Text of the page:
These enable cats to retract their claws, and can last for up to six weeks. Most cats get used to them quickly, and don’t even know they are wearing them. You can apply these yourself, or take your cat to a groomer who has experience with this, which is what I did with Murphy when he was a kitten.
Regardless, this is excellent news for kitties and those who love them, and I hope other states get on board with this.
After New York-based entrepreneur Gabby Slome adopted her mixed breed pooch, Poncho, while traveling in Columbia, she was shocked at his rapid weight gain, despite that she was feeding him high-quality kibble. So she and her fellow pet lover colleagues Alex Douzet and Randy Jimenez got the idea to launch a unique dog food company called Ollie, which officially debuted on Oct. 5.
This is fresh, home-delivered, human-grade, vet-formulated food tailored to each dogs’ individual nutritional requirements, prepared in a USDA inspected and FDA regulated facility.
“Alex and I both had rescue dogs that were gaining a lot of weight,” Ollie CXO Gabby said, during a recent phone interview. “We were confused by the feeding guidelines on pet food packages. We are educated consumers. We didn’t understand until we started digging deeper. We wanted to give pet parents greater confidence in feeding their dogs. We were able to do this through a delivery and subscription model.”
As pet parents become more educated and savvy about their companion animals’ health and nutritional needs, and as pet obesity and food-related ailments are a growing concern, many humans are seeking more appropriate choices for their pets.
“What we found astonishing was a health epidemic among dogs in general; 60 percent are obese,” Gabby said. “Cancer rates are skyrocketing. No one was looking into the whys of this. Like the human world, the number one indicator is: what you eat affects your health.”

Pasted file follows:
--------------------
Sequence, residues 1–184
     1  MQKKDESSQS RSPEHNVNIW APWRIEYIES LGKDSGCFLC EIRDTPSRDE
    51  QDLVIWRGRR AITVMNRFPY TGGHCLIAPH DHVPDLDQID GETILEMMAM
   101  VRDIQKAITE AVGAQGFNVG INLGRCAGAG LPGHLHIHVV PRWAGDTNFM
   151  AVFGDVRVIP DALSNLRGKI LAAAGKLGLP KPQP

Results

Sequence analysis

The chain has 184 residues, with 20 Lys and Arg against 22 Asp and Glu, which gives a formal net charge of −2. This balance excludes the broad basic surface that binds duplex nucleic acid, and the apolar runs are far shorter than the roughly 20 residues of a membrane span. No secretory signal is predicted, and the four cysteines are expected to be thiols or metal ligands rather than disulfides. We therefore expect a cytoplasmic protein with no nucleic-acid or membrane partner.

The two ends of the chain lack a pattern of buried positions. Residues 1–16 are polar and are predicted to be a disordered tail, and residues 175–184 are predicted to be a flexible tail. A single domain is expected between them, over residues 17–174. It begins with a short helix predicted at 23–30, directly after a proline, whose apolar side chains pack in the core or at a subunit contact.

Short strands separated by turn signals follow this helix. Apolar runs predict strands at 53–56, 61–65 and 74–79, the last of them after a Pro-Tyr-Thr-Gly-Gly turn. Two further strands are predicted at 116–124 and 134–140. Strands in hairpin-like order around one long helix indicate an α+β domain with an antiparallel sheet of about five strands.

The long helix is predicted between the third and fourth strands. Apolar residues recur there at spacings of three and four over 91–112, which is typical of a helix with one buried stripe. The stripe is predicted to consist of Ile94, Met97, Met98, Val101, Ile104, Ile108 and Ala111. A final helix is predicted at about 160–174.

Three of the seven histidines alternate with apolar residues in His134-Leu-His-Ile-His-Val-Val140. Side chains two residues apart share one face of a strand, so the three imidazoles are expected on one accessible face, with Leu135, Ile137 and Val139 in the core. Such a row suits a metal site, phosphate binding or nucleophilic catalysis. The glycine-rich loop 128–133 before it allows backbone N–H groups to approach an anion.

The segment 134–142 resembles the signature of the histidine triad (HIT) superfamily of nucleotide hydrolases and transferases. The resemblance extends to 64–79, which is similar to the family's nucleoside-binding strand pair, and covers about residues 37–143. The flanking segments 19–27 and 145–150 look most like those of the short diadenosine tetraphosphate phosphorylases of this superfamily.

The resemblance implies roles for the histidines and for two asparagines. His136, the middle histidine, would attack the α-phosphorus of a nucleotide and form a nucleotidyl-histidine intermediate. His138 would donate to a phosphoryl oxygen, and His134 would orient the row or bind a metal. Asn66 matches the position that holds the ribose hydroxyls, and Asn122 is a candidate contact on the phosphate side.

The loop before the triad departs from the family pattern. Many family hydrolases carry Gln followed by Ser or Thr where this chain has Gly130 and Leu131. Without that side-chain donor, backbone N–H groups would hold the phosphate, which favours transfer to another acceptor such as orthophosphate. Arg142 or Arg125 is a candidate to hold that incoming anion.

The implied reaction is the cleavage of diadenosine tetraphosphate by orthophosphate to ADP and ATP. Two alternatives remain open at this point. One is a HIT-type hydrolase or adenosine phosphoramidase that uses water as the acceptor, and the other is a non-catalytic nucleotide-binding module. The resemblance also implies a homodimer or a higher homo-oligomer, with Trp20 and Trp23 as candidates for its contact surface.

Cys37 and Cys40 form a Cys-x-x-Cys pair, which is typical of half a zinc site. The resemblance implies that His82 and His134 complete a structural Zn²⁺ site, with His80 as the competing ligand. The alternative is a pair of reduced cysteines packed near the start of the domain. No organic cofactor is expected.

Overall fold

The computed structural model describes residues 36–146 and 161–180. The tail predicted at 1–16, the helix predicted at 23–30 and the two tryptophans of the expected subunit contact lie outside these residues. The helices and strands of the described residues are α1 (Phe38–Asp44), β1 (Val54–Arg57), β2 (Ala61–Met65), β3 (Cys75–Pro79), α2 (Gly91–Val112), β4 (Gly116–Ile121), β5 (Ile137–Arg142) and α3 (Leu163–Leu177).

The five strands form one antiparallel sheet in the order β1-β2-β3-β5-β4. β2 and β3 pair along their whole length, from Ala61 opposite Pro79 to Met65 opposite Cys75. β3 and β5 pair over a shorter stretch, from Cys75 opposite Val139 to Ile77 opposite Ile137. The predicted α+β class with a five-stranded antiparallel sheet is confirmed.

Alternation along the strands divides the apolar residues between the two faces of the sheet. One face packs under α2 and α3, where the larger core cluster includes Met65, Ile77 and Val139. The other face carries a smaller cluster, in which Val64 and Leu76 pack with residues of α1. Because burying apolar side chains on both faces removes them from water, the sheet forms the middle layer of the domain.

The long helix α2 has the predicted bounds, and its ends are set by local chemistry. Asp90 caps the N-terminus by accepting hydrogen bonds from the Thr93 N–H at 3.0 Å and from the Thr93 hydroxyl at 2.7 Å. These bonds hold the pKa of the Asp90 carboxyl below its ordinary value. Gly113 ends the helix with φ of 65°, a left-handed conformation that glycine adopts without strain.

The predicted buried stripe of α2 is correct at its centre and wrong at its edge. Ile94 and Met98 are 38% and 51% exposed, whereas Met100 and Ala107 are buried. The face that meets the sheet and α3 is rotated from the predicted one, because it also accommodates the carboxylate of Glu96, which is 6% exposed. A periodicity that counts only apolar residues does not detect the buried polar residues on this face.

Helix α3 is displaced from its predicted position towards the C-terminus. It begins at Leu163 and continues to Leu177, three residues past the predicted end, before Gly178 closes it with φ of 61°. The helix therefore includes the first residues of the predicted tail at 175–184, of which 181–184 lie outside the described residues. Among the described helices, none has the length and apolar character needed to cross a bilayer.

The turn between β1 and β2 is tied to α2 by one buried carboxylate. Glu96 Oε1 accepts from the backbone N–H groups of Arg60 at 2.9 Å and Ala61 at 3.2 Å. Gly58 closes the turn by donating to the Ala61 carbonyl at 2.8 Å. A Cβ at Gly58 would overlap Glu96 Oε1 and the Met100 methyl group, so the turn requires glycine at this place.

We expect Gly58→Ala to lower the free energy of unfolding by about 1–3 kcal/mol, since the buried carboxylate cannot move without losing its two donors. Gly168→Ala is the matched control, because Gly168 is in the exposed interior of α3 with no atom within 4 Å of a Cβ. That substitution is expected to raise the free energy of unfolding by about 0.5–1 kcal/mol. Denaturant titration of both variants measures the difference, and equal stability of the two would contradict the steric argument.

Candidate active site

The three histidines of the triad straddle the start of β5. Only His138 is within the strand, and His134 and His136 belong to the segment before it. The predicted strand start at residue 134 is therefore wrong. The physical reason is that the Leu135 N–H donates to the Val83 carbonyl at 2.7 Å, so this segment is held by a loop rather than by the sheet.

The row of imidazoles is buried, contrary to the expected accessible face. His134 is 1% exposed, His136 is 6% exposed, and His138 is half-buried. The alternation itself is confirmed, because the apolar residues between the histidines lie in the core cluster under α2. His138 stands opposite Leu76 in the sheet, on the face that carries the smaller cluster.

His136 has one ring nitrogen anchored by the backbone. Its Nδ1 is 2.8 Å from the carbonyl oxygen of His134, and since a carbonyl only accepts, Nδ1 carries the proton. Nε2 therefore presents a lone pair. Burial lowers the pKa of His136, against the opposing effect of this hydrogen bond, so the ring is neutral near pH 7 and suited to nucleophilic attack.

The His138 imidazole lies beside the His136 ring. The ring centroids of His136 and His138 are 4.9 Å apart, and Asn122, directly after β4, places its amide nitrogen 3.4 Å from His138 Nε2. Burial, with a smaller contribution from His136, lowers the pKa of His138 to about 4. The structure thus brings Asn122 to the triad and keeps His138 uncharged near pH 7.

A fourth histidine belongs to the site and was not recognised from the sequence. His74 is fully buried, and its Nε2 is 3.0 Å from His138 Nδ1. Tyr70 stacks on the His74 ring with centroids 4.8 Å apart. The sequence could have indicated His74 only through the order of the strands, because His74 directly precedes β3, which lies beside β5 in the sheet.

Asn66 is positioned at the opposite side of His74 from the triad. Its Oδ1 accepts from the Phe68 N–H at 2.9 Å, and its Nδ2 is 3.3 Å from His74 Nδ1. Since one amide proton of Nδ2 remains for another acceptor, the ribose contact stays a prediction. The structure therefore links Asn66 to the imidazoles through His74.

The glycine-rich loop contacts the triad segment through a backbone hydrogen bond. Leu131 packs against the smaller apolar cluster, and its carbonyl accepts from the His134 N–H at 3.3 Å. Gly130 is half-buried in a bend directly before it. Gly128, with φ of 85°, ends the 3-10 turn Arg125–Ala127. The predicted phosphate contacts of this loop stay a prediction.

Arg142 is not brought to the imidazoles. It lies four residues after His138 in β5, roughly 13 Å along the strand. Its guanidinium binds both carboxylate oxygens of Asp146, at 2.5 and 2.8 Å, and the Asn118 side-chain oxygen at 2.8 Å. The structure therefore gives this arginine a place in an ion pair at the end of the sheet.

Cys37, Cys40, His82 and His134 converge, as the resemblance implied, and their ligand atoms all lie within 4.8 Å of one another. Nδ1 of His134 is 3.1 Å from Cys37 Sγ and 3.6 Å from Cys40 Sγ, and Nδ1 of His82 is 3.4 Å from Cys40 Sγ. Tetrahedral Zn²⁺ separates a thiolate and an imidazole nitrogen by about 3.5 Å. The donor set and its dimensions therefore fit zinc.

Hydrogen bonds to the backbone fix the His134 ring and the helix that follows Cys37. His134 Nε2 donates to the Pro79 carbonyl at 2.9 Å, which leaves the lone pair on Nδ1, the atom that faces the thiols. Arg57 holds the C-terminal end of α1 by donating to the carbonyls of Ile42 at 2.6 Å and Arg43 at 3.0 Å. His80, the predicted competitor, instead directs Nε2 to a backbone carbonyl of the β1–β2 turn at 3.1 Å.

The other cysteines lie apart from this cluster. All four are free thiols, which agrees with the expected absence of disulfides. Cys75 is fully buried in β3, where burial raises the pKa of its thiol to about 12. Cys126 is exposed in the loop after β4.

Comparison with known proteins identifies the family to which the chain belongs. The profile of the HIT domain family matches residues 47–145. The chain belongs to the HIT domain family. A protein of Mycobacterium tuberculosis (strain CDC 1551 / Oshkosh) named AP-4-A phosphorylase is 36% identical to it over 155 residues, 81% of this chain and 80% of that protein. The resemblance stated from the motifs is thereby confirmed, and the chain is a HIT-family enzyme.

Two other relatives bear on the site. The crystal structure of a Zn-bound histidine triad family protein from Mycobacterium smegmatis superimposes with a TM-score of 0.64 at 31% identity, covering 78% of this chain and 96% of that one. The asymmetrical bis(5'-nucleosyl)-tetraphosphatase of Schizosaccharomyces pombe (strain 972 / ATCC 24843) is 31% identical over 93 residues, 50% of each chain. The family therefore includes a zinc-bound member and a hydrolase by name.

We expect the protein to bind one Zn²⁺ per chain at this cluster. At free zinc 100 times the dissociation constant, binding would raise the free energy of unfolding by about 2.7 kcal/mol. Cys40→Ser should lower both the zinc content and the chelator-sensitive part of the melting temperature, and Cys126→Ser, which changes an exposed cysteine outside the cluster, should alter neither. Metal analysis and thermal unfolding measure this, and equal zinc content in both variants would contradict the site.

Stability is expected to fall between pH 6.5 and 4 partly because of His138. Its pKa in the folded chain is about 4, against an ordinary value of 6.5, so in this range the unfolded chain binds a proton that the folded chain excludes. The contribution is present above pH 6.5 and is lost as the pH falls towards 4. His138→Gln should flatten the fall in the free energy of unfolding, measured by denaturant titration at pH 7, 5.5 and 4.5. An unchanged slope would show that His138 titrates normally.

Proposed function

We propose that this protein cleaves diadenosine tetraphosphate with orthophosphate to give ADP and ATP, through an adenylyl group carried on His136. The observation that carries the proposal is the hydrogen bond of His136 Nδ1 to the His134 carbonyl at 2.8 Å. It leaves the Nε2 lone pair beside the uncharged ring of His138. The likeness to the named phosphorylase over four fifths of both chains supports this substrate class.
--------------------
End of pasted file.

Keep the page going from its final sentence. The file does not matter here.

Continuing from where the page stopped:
Gabby cited mass-produced product as a prime reason for the lack of nutritional value and, in some case, outright dangers inherent in popular pet foods.
“The major conglomerates own the pet food companies. There are many different channels that ingredients come through, based on profit models.”
She added that commercial pet foods may contain rendered ingredients, chicken meal, waste from the human food supply chain, wood chips, restaurant trash, grease, and even road kill.
“Even if they use good ingredients, they use so much processing that the foods come out in the end like cardboard,” she said. “Then they add a bunch of preservatives. It can sit for six months after production.”
Ollie works somewhat similarly to human home-delivered gourmet food services Blue Apron and Hello Fresh. However, there is no preparation involved.
“We are a refrigerated product,” Gabby explained. “It’s a low temperature cooked product that kills bacteria, but not nutrients. We use the process of MATH: modified atmosphere pressure packaging. This keeps fresh for up to two weeks in your fridge. We married a product company with a technology company. We ask dog owners about their pet’s weight, breed, age, allergies and other issues. We are able to do that at that level and be national.”
Ollie delivers weekly or bi-weekly in a package that contains the pet’s food, a tailored nutrition and feeding plan, and other tips for how to keep your dog healthy. Using customer data and feedback, Ollie constantly updates its formulas to ensure that each pet is always getting exactly the right portion, ingredients and food for their specific needs. The majority of the ingredients are sourced from the U.S.
“The meats are from U.S. family farms, and most of the fruits and veggies are from U.S. farms, while the chia seeds from Mexico,” Gabby said.
Meals start at $3 a day for small dogs, which is a small price to pay for convenience, and the health of your dog.
“People are busy and want the convenience of what they want shipped,” Gabby concluded. “It’s more convenient and a much healthier solution.”
Food Safety News reports that Mars Petcare has issued a voluntary recall of select containers of Cesar Classics Filet Mignon Flavor after a handful of consumers reported finding small pieces of plastic in the food. The food is available in individual trays and variety packs.